There's an interesting book out apparently that while I have not read, bears mentioning since it seems to challenge some of the convenient assumptions of human origins made by mainstream science. Many of you sent this to me, and I think the subject matter is intriguing enough to pass along here, especially as, if one reads the article carefully between the lines, is using the standard idea of "evolution as environmental response" to argue against the idea that humans evolved entirely on their own, on Earth, and entirely naturally:
Now, frankly, I find the idea that my occasional bad back problems are an argument for anything else other than a poor mattress or particularly bad dreams is not very convincing. Other arguments - such as our inability to withstand prolonged exposure to sunlight without significant health problems - might be an argument of a human evolutionary response to a different environment than the earth. And similarly with the large size of human babies' heads, and so on. Most interestingly: our bodies' clocks or "circadian rhythms" are adjusted to a longer daily clock than the actual terrestrial day, which, of all the arguments surveyed in the article, I find the most appealing and compelling. (Interestingly enough, the Martian day - depending one whether one measures the sidereal day or the solar day - is between 24 hours and 37 minutes long, and 24 hours and 39 minutes long. In other words, the Martian day is more in line with the human body's natural clock and circadian rhythm than is the terrestrial day. When these last three things are taken together, it begins to argue somewhat more persuasively. At least, it should make one sit up, take notice, and entertain the possibility.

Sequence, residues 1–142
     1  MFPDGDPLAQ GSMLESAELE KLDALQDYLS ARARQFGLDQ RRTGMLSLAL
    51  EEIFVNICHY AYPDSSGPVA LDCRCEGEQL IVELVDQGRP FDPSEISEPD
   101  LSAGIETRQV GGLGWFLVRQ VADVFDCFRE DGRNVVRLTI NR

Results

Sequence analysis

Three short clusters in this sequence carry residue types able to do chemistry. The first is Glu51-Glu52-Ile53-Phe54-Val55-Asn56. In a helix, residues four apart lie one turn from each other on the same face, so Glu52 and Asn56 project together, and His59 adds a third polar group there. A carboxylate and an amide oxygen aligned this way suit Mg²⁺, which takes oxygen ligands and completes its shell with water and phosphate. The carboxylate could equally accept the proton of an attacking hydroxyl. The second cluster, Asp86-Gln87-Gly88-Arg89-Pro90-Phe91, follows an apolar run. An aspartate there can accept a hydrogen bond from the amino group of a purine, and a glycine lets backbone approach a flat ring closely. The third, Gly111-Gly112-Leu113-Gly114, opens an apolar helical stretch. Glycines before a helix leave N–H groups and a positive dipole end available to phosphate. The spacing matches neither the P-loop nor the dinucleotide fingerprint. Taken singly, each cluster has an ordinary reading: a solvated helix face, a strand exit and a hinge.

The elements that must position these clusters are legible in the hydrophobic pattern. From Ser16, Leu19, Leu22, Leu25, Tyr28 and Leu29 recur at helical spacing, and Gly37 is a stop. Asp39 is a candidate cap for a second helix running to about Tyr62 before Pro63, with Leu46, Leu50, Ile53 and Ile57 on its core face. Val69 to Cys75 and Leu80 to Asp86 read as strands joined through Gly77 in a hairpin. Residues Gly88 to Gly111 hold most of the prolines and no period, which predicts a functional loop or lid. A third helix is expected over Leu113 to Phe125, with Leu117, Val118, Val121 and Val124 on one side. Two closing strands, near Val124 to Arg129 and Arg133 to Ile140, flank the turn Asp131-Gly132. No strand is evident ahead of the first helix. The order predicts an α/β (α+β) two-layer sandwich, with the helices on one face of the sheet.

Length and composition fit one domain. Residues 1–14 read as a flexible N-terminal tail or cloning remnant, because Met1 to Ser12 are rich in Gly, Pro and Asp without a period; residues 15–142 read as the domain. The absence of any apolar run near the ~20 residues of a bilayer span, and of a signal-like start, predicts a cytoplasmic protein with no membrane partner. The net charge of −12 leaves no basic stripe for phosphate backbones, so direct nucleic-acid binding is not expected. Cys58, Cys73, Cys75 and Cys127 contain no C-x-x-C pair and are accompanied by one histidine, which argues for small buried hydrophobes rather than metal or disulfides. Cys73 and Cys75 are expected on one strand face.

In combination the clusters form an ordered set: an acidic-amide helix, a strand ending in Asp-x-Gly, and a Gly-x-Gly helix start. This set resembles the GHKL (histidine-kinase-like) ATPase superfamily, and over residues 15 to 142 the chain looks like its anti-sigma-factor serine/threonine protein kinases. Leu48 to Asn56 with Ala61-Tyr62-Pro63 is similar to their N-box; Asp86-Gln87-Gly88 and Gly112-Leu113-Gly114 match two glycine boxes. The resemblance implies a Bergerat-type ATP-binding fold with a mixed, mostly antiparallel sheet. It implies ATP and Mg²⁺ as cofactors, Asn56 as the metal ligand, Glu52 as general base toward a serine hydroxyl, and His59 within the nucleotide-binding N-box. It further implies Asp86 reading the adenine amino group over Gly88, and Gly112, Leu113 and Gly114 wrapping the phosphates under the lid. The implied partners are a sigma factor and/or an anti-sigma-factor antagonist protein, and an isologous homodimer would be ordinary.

But there's another bit of science news arguing the same thing, and I referred to this in my most recent book, Covert Wars and the Clash of Civilizations, and it is this article from the prestigious science journal Icarus:
The Icarus article wastes no words:
They go on to argue that their detailed analysis that the human genome (map here) displays a thorough precision-type orderliness in the mapping between DNA’s nucleotides and amino acids. “Simple arrangements of the code reveal an ensemble of arithmetical and ideographical patterns of symbolic language.” They say this includes the use of decimal notation, logical transformations, and the use of the abstract symbol of zero. “Accurate and systematic, these underlying patterns appear as a product of precision logic and nontrivial computing,” they assert.
This interpretation leads them to a farfetched conclusion: that the genetic code, “appears that it was invented outside the solar system already several billions years ago.” This statement endorses the idea of panspermia, the hypothesis that Earth was seeded with interstellar life. It’s certainly a novel and bold approach to galaxy conquest if we imagine this was a deliberate Johnny Appleseed endeavor by super-beings.
However, there are other possibilities too. I’ve previously written about the far-out notion that the universe we observe was built just for us and exists inside a computer program (with apologies to The Matrix film trilogy). Therefore the idea that some programmer somewhere wrote the genetic code for life in their model universe is consistent with the authors’ suggestions.
Well, yes. The genetic code, and indeed the whole process of evolution, has to my mind more the appearance of design than not (sorry Mr. Dawkins), but the questions posed by the Icarus article in terms of Mr. Ellis' book are rather contradictory: if the "code" was intelligently designed, then why design such a bad code for human life here, inclusive of large babies' heads, back aches, inability to live so close to the sun, and body clocks off by an hour from the terrestrial day? Or, on the other view, why design such a code for an intelligent and conscious organism such as homo sapiens sapiens to live elsewhere, and then bring it here and strand it on Earth without tweaking the code a bit to allow a more harmonious existence? After all, if you can design it, you can tweak it.
The bottom line is this: the outlines of that deepest mystery - human origins - are being clarified by science. But in clarifying the outlines, the mystery isn't rendered less mysterious, it is merely made into a sharper mystery.
See you on the flip side.